June 20, 2024

Talk is cheap. It’s so easy saying that we care for our fellowmen but do nothing about it. Most of us, including this near-sighted Ibaloy writer, act like politicians at times. We say things without meaning them. We pay a lot of lip service. We take the path of least resistance by lying through our teeth. That makes us human, I guess. Nobody’s perfect, after all. However, that does not erase the fact that words do not solve problems, meaningful action do. Again, talk is cheap.
It’s great to know then that there are persons of action or doers like Department of Social Welfare and Development Asec. Jose Antonio Hernandez, who oriented members of the City Anti-drug Abuse Committee (Cadac) recently at City Hall on the DSWD’s Yakap Bayan Framework of Intervention program that aims to reintegrate drug surrenderers into mainstream society and transform them into community leaders.
Also present were Vice Mayor Faustino Olowan, Councilor Benny Bomogao and representatives from the Baguio City Police Office, other concerned offices, agencies, and civil society organizations including religious groups. The Cadac is chaired by Mayor Benjamin Magalong, another man of action and not all talk.
A Baguio native, Hernandez said the program, developed by his department in 2016, uses a whole-of-nation approach to transform recovering persons who used drugs (RPWUDs) from surrenderers into advocates, volunteers, and eventually productive community leaders.
“The Yakap Bayan program weaves together the readily available resources of the local government units, national government agencies, academe, civil society organizations, and religious groups in order to provide support services and aftercare to RPWUDs and their families,” he said.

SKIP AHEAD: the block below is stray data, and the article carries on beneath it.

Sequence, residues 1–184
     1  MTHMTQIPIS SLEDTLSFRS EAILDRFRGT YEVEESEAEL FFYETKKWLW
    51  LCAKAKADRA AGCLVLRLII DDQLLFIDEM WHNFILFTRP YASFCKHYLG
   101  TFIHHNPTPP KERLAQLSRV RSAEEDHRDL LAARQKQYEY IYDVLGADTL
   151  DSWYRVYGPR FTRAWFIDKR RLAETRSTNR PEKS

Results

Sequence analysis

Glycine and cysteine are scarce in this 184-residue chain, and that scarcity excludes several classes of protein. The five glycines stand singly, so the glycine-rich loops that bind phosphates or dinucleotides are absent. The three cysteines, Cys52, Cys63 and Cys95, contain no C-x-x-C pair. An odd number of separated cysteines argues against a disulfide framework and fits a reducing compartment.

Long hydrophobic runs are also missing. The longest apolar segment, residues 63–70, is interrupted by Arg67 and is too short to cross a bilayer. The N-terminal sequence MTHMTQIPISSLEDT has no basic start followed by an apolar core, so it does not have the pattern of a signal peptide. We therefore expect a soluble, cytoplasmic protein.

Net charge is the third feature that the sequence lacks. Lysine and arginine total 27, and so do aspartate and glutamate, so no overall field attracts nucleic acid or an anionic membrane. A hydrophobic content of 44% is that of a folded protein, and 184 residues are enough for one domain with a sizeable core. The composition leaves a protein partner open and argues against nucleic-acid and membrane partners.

He said 13 million Filipinos or about 12 percent of the country’s entire population of 107 million are directly affected by illegal drugs.
The official explained that the program ensures effective reintegration of RPWUDs to their families and communities through four major components: mechanisms for reintegration, client’s self-management/mastery, family strengthening, and community support.
Strategies for LGUs to implement include giving a clear trajectory and direction; ensure that culture is integrated into solutions; and use available resources and programs.
“The RPWUDs, during their rehabilitation and aftercare, are provided with support services such as medical services, health and fitness therapy, counseling sessions, spiritual interventions, detoxification, skills training, and capacity building,” Hernandez said.
He added that families are also involved in counseling sessions, spiritual gatherings, and the reintegration planning of the RPWUDs.
Hernandez said the program has been adopted by several LGUs at the provincial, city and municipal level like Ifugao, Quezon, Lucban (Quezon), Davao Oriental, Davao City, Compostela Valley, Santol (La Union), Talisay and Lian in Batangas; and Tagudin, Ilocos Sur.


Here’s “Invisible, part VII” by Gabriel Baban Keith: “Are you an Ibaloy in Baguio?/ Then, how does it feel to be invisible/ in the former land of your brave/ but short-sighted/ ancestors?/ How does it feel to be treated/ like second, even third-class citizens/ in your original home?/ (Kahit hindi obvious at times)/ How does it feel to be noticed and/ treated seriously (kahit kunwari lang)/ only during elections and/ Ibaloy Day?/ How does it feel to see some areas of/ your former home-sweet-home/ squatted upon by more united,/ well-connected, imaginative,/ aggressive, outsiders?/ Sorry ka na lang./ Inggit ka lang./ That’s life./ Since you belong to an invisible, fractured,/ shy mangu (unless drunk), minority,/ marginalized, tribe,/ all you can do is drink tapuy, eat wat-wat,/ do the tayaw and line dance,/ dress like cowboys, have selfies,/ beat the solibaos and gong at the/ Ibaloy Heritage Garden (Reservation?)/ smile shyly, act compliant, be quiet,/ shut up and just bear it.”


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May our Lord and Savior Jesus Christ continue to bless and keep us all safe.